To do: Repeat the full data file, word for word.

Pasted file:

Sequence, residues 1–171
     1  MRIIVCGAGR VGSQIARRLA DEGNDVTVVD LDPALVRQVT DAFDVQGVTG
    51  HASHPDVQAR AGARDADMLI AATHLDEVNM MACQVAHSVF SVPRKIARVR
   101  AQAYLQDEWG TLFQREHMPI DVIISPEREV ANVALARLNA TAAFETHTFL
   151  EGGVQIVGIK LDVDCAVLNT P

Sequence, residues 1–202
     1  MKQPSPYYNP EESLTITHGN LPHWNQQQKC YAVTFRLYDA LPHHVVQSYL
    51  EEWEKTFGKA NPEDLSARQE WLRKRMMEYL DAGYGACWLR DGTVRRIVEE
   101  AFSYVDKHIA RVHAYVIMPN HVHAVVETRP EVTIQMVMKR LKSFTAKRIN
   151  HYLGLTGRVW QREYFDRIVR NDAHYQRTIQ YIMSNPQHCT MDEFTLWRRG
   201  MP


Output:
Sequence, residues 1–171
     1  MRIIVCGAGR VGSQIARRLA DEGNDVTVVD LDPALVRQVT DAFDVQGVTG
    51  HASHPDVQAR AGARDADMLI AATHLDEVNM MACQVAHSVF SVPRKIARVR
   101  AQAYLQDEWG TLFQREHMPI DVIISPEREV ANVALARLNA TAAFETHTFL
   151  EGGVQIVGIK LDVDCAVLNT P

Sequence, residues 1–202
     1  MKQPSPYYNP EESLTITHGN LPHWNQQQKC YAVTFRLYDA LPHHVVQSYL
    51  EEWEKTFGKA NPEDLSARQE WLRKRMMEYL DAGYGACWLR DGTVRRIVEE
   101  AFSYVDKHIA RVHAYVIMPN HVHAVVETRP EVTIQMVMKR LKSFTAKRIN
   151  HYLGLTGRVW QREYFDRIVR NDAHYQRTIQ YIMSNPQHCT MDEFTLWRRG
   201  MP